Doctoral Candidate, Department of English, University of California at Santa Barbara
Fourth speaker, Workshop on Conceptual Blending in Literary
Domain Specificity and Conceptual Blending in A. L. Barbauld's 1781 Hymns
A common critique against the conceptual model of metaphor, as put forward by Lakoff and Johnson and developed by Turner and Fauconnier, is that there is no principled way of determining what constitutes a conceptual domain. The work of cognitive psychologists Spelke, Baillargeon, Cosmides, as well as that of cognitive anthropologists Atran, Sperber, and Tooby, suggest that the human mind has a number of functional specializations in addition to that of the body schema Lakoff emphasizes. In this talk, I analyze Anna Laetitia Barbauld's Hymns in Prose for Children, an 18th century religious treatise, drawing on the conceptual frameworks of these complementary intellectual traditions.
Early modern religious treatises for children (by George Burder, A.L. Barbauld , her brother John Aikin, Sarah Trimmer, Hannah More, and others) yield remarkable results from a cognitive analysis. Perhaps because of the deliberate conviction behind their message, these writers are extremely careful in choosing ways of impressing that message upon the imagination of their young readers. Their letters and diaries testify to how much thought they gave what we now call developmental psychology and cognition. At the same time, the narratives these authors produced routinely contain ideas that contradict basic ontological assumptions held even by very young children, such as the idea that certain living entities are omnipresent, can assume various shapes, and are not subject to the natural processes of aging and dying.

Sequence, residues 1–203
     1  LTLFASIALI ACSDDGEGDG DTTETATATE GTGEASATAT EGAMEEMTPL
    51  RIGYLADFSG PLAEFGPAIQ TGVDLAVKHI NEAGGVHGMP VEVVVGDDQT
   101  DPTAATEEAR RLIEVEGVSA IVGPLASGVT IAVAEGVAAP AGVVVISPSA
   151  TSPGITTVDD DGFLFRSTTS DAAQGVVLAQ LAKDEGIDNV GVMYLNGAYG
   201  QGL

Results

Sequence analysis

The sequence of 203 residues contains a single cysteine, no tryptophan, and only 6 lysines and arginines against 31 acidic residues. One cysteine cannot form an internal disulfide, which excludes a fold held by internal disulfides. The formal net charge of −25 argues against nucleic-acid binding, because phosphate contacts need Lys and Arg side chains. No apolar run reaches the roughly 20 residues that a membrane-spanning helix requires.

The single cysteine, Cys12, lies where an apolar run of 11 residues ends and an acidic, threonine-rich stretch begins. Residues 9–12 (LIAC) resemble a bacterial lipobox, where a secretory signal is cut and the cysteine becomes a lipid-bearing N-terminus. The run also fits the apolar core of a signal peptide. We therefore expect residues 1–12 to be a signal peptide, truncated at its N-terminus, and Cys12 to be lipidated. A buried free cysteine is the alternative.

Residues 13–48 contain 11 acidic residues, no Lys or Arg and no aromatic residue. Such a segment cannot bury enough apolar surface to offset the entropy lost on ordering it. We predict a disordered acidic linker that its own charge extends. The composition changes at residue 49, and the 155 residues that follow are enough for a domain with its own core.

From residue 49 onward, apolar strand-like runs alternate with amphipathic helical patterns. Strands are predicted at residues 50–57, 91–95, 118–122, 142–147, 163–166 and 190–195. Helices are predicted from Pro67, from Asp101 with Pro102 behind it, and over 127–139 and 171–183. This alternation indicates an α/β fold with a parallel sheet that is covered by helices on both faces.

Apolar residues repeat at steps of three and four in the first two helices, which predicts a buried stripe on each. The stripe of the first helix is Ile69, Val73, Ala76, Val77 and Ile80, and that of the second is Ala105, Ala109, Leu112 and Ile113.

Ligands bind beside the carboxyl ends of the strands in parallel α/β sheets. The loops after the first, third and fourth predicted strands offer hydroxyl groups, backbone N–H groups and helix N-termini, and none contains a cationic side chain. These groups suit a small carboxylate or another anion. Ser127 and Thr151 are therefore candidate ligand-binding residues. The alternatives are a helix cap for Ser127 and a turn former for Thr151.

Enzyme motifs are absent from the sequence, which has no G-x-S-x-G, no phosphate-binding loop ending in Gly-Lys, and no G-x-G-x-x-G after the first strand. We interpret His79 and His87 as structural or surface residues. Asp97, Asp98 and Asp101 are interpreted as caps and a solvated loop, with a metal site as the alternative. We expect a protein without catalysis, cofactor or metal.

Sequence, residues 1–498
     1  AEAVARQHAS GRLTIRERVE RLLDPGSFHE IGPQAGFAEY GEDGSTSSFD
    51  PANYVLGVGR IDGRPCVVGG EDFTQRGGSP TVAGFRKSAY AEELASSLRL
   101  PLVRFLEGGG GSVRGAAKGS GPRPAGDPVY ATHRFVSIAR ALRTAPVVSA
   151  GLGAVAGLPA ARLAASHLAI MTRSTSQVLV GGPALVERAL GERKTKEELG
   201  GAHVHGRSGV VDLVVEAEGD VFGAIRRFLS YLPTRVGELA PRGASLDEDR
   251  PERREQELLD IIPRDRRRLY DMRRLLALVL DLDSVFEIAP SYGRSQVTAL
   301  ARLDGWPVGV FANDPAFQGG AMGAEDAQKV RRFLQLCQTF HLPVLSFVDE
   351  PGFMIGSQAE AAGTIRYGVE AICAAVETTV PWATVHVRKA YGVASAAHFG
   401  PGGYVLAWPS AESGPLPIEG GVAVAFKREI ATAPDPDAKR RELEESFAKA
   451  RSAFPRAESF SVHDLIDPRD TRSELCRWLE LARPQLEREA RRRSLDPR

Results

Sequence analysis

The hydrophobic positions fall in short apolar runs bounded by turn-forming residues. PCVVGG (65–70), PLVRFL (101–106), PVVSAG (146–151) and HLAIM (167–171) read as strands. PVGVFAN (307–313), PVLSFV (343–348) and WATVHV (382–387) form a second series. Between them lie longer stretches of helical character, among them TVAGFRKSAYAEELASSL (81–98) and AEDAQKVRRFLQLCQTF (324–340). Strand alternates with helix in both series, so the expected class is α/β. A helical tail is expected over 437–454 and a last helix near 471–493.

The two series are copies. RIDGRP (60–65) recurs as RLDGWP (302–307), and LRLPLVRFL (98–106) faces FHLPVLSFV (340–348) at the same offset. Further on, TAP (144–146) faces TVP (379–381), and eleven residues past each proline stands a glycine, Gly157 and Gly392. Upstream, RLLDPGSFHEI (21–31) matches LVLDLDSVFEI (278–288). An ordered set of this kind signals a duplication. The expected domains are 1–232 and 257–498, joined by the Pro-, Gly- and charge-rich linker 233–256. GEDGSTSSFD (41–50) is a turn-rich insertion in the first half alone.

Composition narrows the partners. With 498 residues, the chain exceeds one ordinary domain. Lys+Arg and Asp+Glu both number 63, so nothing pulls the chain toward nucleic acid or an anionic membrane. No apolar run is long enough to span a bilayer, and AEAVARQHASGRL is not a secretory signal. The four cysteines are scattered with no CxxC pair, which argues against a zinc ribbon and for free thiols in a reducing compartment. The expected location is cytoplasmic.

The focus of my talk is to explore the semantic and visual (pertaining to specificities of printed culture in the early modern period) strategies employed by Barbauld to construct the ephemeral but powerful "authority presence" which frames the supernatural element and makes it ring true. I situate these strategies within the conext of basic ontological assumptions about living kinds (usually construed as having mysterious underlying "essences") and artifacts (construed in terms of their "function") creatively activated by Barbauld as she works on her "domestication" of the supernatural.
UC Santa Barbara